Rise of ISIS concerns Asia-Pacific

Rise of ISIS concerns Asia-Pacific
File photo of ISIS supporters.

The rise of the Islamic State of Iraq and Syria (ISIS) concerns everyone, especially in the Asia-Pacific region, the Royal Brunei Armed Forces (RBAF) commander said.

Delivering his speech at the reception for Chiefs of Defence Conference 2014, Pehin Datu Pekerma Jaya Major General Dato Paduka Seri Mohd Tawih Abdullah said three security concerns will set the mood for the conference including extremism.

He said extremism and radicalism have been at the forefront following the September 11 terrorist attacks, and the Asia-Pacific region was not immune to implications of ISIS's rise.

"ISIS soiled its roots in the Middle East, but nevertheless it's gained traction in the region via the spread of radical Islamic ideology from extremist movements such as Jemaah Islamiyah.

"Radicalisation has spread its claws to the West - and the challenge for anyone of us is its ability to attract our citizens. For example about 1,000 jihadist militants fighting in Iraq and Syria were drawn from Western nations with estimated numbers as high as 3,000," added Pehin Major General Dato Mohd Tawih.

He further said the Ebola virus is another international security concern due to its high mortality rate.

"In the fight against the virus, military efforts have been considered by the United States, United Kingdom and also a consideration for countries such as Australia and Philippines."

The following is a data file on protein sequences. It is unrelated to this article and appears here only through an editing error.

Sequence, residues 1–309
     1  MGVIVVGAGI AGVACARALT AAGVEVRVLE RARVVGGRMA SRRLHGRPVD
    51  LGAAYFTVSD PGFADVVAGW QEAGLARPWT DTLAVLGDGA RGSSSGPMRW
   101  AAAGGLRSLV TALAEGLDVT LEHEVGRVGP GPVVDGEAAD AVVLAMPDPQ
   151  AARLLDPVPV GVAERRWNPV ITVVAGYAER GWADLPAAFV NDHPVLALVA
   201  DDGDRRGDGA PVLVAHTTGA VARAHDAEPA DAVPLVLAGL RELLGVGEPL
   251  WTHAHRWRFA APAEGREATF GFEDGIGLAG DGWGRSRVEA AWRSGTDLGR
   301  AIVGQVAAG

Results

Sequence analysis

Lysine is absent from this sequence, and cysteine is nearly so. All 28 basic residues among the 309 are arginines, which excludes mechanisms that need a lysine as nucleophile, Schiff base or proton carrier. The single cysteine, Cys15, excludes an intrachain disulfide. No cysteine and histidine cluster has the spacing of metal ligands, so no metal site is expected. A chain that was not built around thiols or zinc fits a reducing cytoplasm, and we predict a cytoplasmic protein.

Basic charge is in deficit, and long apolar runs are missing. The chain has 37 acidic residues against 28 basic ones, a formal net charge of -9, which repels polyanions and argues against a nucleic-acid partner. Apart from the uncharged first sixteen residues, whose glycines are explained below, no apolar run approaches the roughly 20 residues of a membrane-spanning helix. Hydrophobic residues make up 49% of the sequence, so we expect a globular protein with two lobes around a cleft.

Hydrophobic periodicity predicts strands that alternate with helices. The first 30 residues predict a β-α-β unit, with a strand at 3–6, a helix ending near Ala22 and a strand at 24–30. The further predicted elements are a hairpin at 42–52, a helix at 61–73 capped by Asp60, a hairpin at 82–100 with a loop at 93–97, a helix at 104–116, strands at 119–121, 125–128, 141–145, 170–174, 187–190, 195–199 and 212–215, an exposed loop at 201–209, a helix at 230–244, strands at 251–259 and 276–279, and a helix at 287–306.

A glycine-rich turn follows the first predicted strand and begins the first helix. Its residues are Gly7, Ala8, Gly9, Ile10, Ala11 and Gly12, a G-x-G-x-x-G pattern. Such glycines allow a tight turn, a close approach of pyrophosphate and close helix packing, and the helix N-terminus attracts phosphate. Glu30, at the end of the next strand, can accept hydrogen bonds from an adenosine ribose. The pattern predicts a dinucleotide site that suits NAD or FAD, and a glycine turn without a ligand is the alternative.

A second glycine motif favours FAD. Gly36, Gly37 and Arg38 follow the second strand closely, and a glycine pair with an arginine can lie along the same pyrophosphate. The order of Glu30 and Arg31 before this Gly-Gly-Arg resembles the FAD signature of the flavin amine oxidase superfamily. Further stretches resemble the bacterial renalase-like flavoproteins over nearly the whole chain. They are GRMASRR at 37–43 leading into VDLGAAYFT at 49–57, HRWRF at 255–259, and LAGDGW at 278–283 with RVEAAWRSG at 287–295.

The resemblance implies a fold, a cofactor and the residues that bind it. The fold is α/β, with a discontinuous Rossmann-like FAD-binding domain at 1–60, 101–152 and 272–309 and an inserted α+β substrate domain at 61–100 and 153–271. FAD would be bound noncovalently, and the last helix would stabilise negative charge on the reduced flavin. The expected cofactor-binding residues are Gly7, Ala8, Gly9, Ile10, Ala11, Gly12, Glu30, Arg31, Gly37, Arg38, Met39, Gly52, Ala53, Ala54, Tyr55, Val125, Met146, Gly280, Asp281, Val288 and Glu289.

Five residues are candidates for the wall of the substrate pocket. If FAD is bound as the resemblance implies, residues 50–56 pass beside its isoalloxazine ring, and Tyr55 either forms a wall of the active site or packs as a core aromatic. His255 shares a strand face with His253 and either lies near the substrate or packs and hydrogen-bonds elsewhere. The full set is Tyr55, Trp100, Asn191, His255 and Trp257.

The commander went on to say that the region, which mostly comprised developing countries, relies on collective capacity to recover from natural disasters, as evident in the 2004 tsunami and Typhoon Haiyan.

"Natural disasters and transnational crimes are becoming a challenge lately, and military aid to civilian authorities has fallen upon our respective armed forces to assist in subduing situations."

"Be it in robust counter-terrorism operations, aid to disaster-struck areas; our capabilities have proven to be assets as these operations bring more complexity than we are traditionally trained for."

The RBAF commander said the intensity of the three threats was capable of creating havoc regionally more so than individual states.\

"Therefore assistance in whatever forms such as intelligence, experience to assist or deal with a crisis would be a much welcomed endeavour," he said.

The RBAF commander said effective cooperation can synchronise efforts to tackle threats and protect their countries' interests - to thrive politically and economically.

"The pressures we face today are greater than ever before as our nation calls upon the military to conduct multiple combat operations, counter-terrorist threats and deal with more inter-agency operations."

"There is so much we can learn from each other but the first step to any effective collaboration first starts with getting to know one another and finding the crucial common ground to work together."

The conference is themed 'Multilateralism Practical Cooperation towards Shared Responsibility', which Pehin Major General Dato Mohd Tawih found fitting as he believed multilateralism could be the solution to addressing issues.

The three-day conference, which starts today, was initiated in 1998 to serve as a platform for nurturing trust among countries in the Asia-Pacific region and enhance security ties through exchange of opinions on regional security and bilateral dialogues.

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